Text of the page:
My husband asked me to post this from Simplicity to Questioning. Here you go.
Author Dean Koontz wrote about his grief after his golden retriever Trixie died. One day, he and his wife were walking and saw a perfect golden butterfly flying by. That butterfly sighting left them feeling at peace, as if the butterfly carried a message to them that Trixie was fine and they would be, too.
When our golden retriever Hoover died, we told him to send us a golden butterfly, and he sent us Daisy. She was our golden butterfly for 11 years.
In the week and a half she's been gone, the longest I've made it without crying is 24 hours. She's been by far the hardest of our dogs to grieve for. Cooper is grieving, too. After the first few days, he became mopey and sad.
Friends of my son sent us this message:
We heard that you had lost your precious Daisy and wanted you to know that we are very sad for your loss. Many times the loss of a pet is the hardest of all as we know that they always expect their humans to make it all better and usually we can...until we cannot. Our final takeaway from them after all of their years of giving us their absolute all every minute of their short lives is that we were always in their best place to possibly be when they were with us. We were their everything and the most excellent life we lived with them is all they wanted. Their true Heaven was here on earth with us. Now, go get a puppy!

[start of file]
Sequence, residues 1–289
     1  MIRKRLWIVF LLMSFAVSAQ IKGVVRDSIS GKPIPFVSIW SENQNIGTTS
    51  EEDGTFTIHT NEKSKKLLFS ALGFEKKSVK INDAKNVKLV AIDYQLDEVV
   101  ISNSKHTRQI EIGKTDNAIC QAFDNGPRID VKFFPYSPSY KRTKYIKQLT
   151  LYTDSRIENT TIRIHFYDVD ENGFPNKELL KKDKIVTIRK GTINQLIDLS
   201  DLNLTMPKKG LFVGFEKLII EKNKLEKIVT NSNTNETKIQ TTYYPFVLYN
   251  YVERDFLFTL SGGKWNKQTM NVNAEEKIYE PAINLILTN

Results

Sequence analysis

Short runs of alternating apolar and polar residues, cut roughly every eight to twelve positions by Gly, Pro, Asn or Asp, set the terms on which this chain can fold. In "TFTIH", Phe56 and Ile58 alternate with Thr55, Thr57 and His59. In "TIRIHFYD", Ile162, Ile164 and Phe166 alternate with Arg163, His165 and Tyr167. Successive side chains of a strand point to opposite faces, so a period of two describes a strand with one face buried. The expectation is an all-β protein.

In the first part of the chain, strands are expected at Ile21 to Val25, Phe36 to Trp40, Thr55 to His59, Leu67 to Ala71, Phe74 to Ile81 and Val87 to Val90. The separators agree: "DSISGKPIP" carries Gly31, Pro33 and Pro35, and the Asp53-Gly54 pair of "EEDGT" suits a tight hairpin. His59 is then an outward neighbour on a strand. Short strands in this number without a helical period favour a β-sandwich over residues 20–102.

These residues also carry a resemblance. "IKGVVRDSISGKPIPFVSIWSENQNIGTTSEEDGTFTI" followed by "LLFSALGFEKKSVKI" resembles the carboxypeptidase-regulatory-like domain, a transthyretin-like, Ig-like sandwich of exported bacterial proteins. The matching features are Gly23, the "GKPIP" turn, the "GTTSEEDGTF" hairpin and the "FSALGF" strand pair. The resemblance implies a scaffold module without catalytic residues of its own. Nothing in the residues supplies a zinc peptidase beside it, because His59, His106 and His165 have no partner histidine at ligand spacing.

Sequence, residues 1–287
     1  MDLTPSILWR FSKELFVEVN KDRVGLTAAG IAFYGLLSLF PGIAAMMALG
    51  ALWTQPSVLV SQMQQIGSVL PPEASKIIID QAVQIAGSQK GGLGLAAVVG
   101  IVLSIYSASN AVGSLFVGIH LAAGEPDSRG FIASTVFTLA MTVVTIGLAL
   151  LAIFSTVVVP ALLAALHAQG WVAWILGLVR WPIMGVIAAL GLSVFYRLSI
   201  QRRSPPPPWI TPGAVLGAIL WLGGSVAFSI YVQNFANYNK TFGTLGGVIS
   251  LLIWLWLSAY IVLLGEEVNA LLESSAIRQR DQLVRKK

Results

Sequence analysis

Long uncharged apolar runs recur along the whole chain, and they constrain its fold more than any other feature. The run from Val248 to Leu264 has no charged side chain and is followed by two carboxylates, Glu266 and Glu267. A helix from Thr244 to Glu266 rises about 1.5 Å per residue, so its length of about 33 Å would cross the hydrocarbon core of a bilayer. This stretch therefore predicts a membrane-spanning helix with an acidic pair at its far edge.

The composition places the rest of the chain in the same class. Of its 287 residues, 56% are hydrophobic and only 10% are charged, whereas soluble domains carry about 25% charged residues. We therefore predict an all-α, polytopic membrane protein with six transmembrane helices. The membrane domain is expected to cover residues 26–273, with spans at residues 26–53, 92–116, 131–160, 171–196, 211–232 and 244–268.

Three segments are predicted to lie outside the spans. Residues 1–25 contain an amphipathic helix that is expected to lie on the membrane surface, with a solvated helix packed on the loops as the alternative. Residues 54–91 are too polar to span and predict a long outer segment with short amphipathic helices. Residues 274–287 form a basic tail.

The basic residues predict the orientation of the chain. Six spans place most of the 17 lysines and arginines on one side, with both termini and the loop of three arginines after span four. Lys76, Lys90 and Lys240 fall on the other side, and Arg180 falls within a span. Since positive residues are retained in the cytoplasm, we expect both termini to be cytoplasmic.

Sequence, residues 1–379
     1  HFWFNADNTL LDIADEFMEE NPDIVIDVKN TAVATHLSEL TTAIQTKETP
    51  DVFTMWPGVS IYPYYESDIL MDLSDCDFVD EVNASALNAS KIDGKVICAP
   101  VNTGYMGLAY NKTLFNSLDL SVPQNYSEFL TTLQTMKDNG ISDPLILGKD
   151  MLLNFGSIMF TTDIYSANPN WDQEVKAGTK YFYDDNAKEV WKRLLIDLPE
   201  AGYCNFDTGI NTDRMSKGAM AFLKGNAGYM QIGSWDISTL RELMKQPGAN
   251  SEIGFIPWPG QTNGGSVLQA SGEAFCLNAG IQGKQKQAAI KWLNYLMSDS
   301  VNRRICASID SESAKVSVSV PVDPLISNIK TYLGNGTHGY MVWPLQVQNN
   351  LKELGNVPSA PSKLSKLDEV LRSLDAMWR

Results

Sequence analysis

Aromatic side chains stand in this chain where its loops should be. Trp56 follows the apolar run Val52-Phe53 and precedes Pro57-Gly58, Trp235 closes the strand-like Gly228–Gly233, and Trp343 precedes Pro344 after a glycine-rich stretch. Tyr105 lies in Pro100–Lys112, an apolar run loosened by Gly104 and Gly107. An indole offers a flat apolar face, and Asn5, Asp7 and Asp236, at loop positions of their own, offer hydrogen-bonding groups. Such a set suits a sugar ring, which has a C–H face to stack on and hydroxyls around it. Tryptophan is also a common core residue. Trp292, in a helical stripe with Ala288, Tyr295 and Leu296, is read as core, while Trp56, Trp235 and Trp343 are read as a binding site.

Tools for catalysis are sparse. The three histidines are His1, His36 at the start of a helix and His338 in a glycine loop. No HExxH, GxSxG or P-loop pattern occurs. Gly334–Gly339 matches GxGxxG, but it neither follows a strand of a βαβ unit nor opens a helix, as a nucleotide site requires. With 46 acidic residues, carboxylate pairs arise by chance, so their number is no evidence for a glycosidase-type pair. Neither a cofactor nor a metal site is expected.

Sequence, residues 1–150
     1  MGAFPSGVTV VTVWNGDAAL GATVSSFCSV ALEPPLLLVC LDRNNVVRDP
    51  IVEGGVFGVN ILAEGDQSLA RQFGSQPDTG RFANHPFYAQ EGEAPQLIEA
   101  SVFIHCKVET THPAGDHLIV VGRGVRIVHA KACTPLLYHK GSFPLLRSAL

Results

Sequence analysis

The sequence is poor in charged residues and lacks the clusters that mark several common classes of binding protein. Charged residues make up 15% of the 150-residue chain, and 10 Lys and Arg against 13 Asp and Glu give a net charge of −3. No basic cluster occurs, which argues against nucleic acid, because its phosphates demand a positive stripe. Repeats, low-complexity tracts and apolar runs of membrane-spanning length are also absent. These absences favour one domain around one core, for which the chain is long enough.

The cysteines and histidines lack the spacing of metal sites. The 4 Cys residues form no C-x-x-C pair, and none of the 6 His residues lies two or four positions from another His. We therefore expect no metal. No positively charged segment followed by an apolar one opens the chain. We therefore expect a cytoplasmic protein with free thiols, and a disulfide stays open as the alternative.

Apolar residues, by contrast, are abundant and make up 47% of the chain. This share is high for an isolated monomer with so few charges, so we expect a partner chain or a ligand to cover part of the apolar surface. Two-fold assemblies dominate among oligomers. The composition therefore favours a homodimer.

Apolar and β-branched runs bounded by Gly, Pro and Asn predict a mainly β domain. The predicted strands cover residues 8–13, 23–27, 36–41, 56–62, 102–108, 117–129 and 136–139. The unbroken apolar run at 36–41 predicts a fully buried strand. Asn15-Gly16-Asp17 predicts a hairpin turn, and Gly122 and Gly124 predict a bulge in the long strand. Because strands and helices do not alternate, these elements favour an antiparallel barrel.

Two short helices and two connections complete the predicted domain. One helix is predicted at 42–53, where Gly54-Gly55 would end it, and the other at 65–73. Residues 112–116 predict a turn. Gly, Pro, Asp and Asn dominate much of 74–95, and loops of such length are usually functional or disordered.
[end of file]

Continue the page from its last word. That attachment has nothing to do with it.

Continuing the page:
We are taking their advice. Meet our new golden butterfly.
My husband wanted a new puppy ASAP, and I contacted Cooper's breeder. She informed me that a female became available from a litter that's ready to go to their new homes this weekend. She's cuddly, sweet, and not an alpha pup.
Miss Lilac (so-called for the color of ribbon she wears to distinguish her from her littermates) is coming to live with us the weekend after next. (This weekend is Jack's high school graduation...no puppy should have to deal with that chaos!)
Neither George nor I can picture ourselves yelling "Lilac!!!" to call her inside, so the short list of possible names includes Clover, Lily, and Magnolia. Lily is the frontrunner, simply because it's close to Lilac and might cause her less confusion. I prefer Clover because it has "love" in the middle, and George likes Magnolia because we can call her Maggie for everyday and Magnolia (with a southern accent) when we're mad at her.
It's hard right now to imagine EVER being mad at that sweet face, but after she widdles on my shoes and chews a pillow to pieces, we just might raise our voices.
A new dog never, ever replaces a dog in our hearts. The gaping hole left by Daisy will take a very long time to heal. But little Clover/Lily/Maggie will wiggle her way into our hearts and lives in her own uniquely golden way.
Grief is love with nowhere to go, and I think Daisy, who was the embodiment of fur-covered love, will appreciate us pouring the love she can't receive right now into this new puppy.
Cooper will have a playmate again.
And Daisy will wait for us like the good dog she was, is, and forever will be.
Mercy, grace, peace, and most of all love,